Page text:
Are you working as a musician, collector or cultural anthropologist?

No, I currently work as a journalist in other fields, but in the long run my ambition is to help preserving the African music archives as a full time job. There are many examples of Western institutions or even individuals who are doing a great job in preserving historic music archives, and not only in Africa. I find this wonderful, certainly if they share their knowledge. Regarding African music archives I must say Graeme Counsel did an amazing job in archiving Guinea’s music heritage. Even more interesting is the Tanzania heritage project. I hope it takes off well, so it can serve as an example for other African countries. It’s time some ministries of Culture in African countries begin to care about preserving their own music patrimony. Why are there few  projects in Africa that even try to preserve part of their (music) culture? It’s sad, this indifference. If only they knew how much export value this could have…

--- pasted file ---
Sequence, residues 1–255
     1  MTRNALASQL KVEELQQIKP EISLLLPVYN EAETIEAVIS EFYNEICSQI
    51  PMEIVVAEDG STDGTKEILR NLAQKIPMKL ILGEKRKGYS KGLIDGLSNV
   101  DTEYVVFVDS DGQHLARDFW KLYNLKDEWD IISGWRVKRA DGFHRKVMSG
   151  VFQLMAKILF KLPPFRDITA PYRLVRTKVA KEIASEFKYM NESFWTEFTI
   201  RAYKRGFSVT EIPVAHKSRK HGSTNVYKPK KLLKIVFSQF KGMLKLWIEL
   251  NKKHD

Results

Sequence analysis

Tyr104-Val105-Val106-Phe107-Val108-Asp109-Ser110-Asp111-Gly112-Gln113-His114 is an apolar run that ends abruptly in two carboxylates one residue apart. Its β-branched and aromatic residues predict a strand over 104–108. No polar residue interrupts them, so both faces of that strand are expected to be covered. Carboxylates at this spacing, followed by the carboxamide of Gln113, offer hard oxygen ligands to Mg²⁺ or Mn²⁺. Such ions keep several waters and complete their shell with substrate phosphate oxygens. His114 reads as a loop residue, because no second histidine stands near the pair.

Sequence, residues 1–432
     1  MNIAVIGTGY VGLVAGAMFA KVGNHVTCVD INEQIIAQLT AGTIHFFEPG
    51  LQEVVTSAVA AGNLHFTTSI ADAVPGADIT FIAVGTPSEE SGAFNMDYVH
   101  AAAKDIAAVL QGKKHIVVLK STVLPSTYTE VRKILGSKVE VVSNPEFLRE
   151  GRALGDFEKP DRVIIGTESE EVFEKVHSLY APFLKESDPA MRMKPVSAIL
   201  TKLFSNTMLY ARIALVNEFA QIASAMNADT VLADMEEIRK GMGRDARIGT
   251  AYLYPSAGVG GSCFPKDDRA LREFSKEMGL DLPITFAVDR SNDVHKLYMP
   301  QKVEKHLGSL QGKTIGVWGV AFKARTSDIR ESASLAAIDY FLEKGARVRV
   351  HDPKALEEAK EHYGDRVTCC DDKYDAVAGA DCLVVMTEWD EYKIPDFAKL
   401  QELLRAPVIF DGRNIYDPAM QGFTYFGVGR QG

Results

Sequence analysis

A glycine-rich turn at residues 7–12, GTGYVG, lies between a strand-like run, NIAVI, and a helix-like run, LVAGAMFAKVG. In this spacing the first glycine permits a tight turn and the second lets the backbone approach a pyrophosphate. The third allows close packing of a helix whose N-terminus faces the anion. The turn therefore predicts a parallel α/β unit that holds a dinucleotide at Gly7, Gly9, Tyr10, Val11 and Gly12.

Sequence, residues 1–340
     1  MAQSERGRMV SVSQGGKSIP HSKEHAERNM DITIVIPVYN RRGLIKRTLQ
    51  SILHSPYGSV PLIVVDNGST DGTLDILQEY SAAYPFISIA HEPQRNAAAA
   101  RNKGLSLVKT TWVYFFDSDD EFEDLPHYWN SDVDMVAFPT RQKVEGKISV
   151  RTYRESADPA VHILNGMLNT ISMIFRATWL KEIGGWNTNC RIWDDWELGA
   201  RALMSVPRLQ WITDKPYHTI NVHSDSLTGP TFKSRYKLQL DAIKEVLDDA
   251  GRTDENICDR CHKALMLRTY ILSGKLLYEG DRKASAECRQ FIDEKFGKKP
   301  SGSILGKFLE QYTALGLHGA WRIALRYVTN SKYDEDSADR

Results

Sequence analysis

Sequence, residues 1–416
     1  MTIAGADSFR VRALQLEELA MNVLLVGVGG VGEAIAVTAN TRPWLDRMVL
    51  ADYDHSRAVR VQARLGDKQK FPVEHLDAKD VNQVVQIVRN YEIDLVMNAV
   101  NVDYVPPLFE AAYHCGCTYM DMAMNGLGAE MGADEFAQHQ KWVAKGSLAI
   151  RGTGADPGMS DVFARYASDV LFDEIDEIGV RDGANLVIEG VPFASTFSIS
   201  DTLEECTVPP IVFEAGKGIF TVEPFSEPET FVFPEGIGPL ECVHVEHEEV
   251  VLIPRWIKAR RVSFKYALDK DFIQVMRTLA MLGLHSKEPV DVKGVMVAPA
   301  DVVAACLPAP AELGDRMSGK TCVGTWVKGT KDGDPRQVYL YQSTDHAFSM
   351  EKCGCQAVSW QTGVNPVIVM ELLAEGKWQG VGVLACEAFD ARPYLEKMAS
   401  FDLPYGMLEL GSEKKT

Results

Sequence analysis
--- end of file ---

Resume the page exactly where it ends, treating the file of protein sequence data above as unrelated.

your guide to Cape Town Slang -on ‘Township Jive & Kwela Jazz Volume 2’

a few kwela tunes on  ‘Township Jive & Kwela Jazz Volume 2’ start with some jive talking in an unknown language. At first I thought it sounded quite like Afrikaans,  with a pinch of  Zulu or Xhosa in da mix maybe? After all, South Africa claims 11 official languages and in a city like Cape Town that’s home to an eclectic mix of cultures it is easy to hear this sort of street jive.  In the 1950’s,  the neighbourhood District Six near Cape Town was the birthplace of an extremely lively and eclectic brew of a patois spoken mainly amongst the Cape Coloreds and certain groups of blacks, hottentots, Cape Malay and the Khoi San.